Five Strategies to Boost Behavioral Change
We are struggling across the globe with behaviour change in organisations. And there is a simple reason for this. The one size fits all planned approach to change does not work. Learning new skills is completely different from breaking habits or the socialisation into new groups and communities. A tailored approach is needed, depending on the type of change, with the proper focus on internal and external driving forces. These five clear-cut strategies can help you decide on which approach to take.
Habits change by simultaneously breaking old and learning new routines. It is a matter of relearning. So how is this done? Repeating the same behaviour causes a habitual loop of signal, routine and reward. Something in the environment triggers an automatic response that results in a satisfying sensation and good feeling. To break this loop we have to attentively avoid the triggers that activate the routine, deliberately act differently when sensing the urge to automatically react and actively reward the new routine. So if you want to break patterns and introduce a new way of working in the organisation, be sure to address the three phases of the habitual loop. Emphasise the role of conscious thought, making everyone responsible to break their own working patterns.
Learning new skills is a matter of practice. The focus lies on acquiring new capabilities through experience. We learn a skill only by trial and error. No matter how hard we try to intervene, this too someone has to do themselves. But bear in mind, within three weeks new neural pathways fade to their original level, unless the experience is repeated. So frequency is paramount. That is why classroom training without a direct learning platform in daily practice is pointless.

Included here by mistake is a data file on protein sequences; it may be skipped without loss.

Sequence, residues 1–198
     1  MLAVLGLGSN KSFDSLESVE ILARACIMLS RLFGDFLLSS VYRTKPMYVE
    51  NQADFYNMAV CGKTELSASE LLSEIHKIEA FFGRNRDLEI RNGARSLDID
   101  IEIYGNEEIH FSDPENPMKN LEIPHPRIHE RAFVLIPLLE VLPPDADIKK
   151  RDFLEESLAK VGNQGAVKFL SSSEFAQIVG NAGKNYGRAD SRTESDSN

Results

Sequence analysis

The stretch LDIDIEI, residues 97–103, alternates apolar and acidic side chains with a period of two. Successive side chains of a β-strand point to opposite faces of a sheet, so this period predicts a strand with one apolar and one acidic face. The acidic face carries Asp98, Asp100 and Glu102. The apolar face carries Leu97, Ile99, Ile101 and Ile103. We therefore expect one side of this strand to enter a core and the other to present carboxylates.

Humans are social beings that adapt to their social surroundings. We learn much by observing others and imitating what they do. Unnoticed we copy the mannerisms of the company we keep and take over their language and practices. Everyone has experienced this when entering a new organisation or starting a different position. In the first few weeks newcomers frown and wonder about all the things that are new to them. After a few months the common practices are no longer questioned and taken over. The only prerequisite is frequent physical exposure. This type of change is always essential in mergers & acquisitions.
A completely different type of behavioural change is remodelling our self-image. Our sense of self is based on the idea of having to be someone, besides the person we think we ought to be and the individual we are striving to become. These beliefs turn into convictions that control behaviour. The concept of having to be a certain person precludes becoming someone else. In this way an employee will generally not see himself as a leader or manager of his own change. For that, new labels are needed that someone can identify with, like the (un)changeables, innovators or inspirationals. Change the label to highlight the desired behaviour and apply social marketing to make it stick.
Our worldview and perception of someone or something greatly influences what we do. That is why reframing helps to change behaviour. Reframing is taking a fresh point of view and seeing things in a different light. Or we can simply relabel someone or something, for example from hostile to friendly. It will transform the way we react. Politicians constantly relabel to make a point. Public services are using it by renaming patients and civilians as clients. So what would happen to the way employees behave when superiors and bosses are called differently?